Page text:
Laura Daugherty balances a small tray on one gloved hand, like a waiter at black-tie restaurant.
Today’s main course is ring-necked pheasant – freshly skinned and raw.
Her patrons are a teeming pile of flesh-eating beetles.
“I’m sure they’re pretty hungry,” she says of the half-inch long insects. “And this is a nice fresh body for them to work on.”
Daugherty places the dark pink meat onto an egg carton and lowers it into the Plexiglas tank. Within minutes, the beetles find their dinner.
Daugherty is an evidence technician at the U.S. Fish and Wildlife Forensics Lab in Ashland, Oregon. And despite the table-service, the flesh-eating beetles are more co-workers than guests. Forensics scientist use them to strip animal carcasses down to the bone - often to reveal trauma and help determine cause of death.
In the case of the ring-necked pheasant, Daugherty is creating a skeletal model. The lab’s scientists will use it as a baseline to help solve poaching or animal trafficking cases in the future.
Unlike any other
While there are other labs around the globe that specialize in specific types of plants and animals, the Ashland forensics lab is the only one in the world dedicated to solving crimes against all kinds of wildlife. It’s been that way since the facility opened in 1988 under Ken Goddard, who’s been the lab’s director ever since.
“Much like any other police crime laboratory, we do two basic things: We identify evidence,” Goddard says. “In a triangular fashion, we attempt to link suspect, victim and crime scene together with that evidence.”
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It’s something that wildlife enforcement officers tried to get the FBI to do for them after the passage of the Endangered Species Act in 1973. But Goddard says the FBI didn’t have the techniques to identify animals, and that the bureau made it known cases involving human victims would take priority.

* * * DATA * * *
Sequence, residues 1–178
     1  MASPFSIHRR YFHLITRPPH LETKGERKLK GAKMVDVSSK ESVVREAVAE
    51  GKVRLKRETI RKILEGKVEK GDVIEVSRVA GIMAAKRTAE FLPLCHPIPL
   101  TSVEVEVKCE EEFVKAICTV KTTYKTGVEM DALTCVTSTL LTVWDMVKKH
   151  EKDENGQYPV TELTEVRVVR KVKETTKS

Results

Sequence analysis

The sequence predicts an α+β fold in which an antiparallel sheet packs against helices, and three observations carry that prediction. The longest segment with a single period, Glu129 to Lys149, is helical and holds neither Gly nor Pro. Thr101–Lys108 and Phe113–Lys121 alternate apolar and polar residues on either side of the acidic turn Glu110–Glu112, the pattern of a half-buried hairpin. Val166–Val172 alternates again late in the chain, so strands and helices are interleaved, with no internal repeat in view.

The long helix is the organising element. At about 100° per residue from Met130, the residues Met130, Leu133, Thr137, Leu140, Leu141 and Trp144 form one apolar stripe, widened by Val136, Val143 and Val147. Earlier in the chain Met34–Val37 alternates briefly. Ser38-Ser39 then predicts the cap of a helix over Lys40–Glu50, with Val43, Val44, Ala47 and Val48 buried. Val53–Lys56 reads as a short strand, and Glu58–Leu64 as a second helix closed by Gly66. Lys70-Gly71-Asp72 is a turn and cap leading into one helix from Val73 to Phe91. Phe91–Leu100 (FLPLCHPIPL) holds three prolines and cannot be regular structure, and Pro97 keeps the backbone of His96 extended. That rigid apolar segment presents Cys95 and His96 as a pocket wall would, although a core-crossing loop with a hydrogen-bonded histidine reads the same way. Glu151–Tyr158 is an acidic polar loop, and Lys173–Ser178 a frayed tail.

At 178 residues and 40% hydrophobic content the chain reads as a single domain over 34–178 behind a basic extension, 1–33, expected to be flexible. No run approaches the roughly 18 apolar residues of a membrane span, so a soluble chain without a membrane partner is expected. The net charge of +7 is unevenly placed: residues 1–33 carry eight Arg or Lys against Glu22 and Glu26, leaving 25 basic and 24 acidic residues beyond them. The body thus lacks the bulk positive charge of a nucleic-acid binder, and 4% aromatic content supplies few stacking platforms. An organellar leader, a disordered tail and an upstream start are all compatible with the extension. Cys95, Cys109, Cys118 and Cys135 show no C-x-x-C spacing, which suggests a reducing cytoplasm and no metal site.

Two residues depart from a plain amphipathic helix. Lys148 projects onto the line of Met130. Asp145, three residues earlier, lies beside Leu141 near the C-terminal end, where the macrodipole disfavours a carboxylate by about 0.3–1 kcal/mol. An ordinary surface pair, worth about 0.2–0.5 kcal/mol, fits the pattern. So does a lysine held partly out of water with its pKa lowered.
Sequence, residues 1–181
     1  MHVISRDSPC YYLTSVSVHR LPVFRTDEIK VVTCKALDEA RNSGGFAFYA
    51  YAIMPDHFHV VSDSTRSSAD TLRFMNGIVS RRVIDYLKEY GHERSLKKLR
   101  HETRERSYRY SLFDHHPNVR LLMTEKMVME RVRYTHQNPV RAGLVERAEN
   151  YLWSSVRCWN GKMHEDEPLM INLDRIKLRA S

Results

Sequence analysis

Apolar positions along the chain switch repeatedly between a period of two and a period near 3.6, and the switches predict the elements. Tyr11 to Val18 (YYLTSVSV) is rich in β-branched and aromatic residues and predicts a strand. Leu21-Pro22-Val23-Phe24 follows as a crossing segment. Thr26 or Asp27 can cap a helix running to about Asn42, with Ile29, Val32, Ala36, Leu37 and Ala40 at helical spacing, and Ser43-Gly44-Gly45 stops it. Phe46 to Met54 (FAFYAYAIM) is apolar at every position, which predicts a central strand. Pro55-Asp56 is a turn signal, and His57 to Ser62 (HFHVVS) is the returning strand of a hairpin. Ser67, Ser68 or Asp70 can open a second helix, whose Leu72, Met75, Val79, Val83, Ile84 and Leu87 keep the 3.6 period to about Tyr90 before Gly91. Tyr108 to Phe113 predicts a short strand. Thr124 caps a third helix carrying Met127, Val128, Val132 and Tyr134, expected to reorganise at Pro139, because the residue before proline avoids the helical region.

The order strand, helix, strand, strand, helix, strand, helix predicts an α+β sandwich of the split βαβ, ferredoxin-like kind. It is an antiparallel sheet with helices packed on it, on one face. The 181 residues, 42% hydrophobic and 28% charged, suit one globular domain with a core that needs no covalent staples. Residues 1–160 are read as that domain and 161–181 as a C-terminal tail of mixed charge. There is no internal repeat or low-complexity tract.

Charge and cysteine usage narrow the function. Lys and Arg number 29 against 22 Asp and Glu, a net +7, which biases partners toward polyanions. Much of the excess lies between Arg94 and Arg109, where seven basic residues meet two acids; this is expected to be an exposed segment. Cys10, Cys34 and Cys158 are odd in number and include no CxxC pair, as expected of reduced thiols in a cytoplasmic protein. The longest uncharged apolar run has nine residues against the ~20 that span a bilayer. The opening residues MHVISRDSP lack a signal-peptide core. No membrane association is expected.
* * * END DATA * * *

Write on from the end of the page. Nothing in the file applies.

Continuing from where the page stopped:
It became clear that a designated forensics lab was needed.
Scientists at the U.S. Fish and Wildlife Lab are at the forefront of wildlife forensic science. Goddard says the lab handles up to 500 cases per year and examine as many as 15,000 pieces of evidence.
In the lab, a menagerie of the colorful, the unusual and the hunted is interspersed among the high-tech equipment of forensic science.
The facility features a pathology lab where medical examiners determine how an animal died. There’s a ballistics lab where bullets can be linked to poachers’ guns. In the genomics lab, DNA testing is used to determine species.
There’s also a morphology lab where biologists who specialize in birds, reptiles, or mammals identify what they call the “pieces, parts and products” that come through the lab’s doors on a daily basis. That’s the most common request they get.
“You would not continue an investigation unless you’re pretty sure you’re dealing with an endangered or threatened species,” Goddard says.
Serving the world
Many of the Wildlife Forensics Lab’s cases are brought by U.S. government inspectors and special agents. But the facility is also the official crime lab for CITES – the Convention on International Trade in Endangered Species. Ratified in 1973, the CITES treaty is the international agreement that governs trade of rare plants and animals.
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It is up to each of the 180 individual countries that have signed on to CITES to enforce it. In the United States, the Fish and Wildlife Service is responsible. This means evidence from most cases of suspected CITES violations in the U.S. eventually ends up at the lab in Southern Oregon.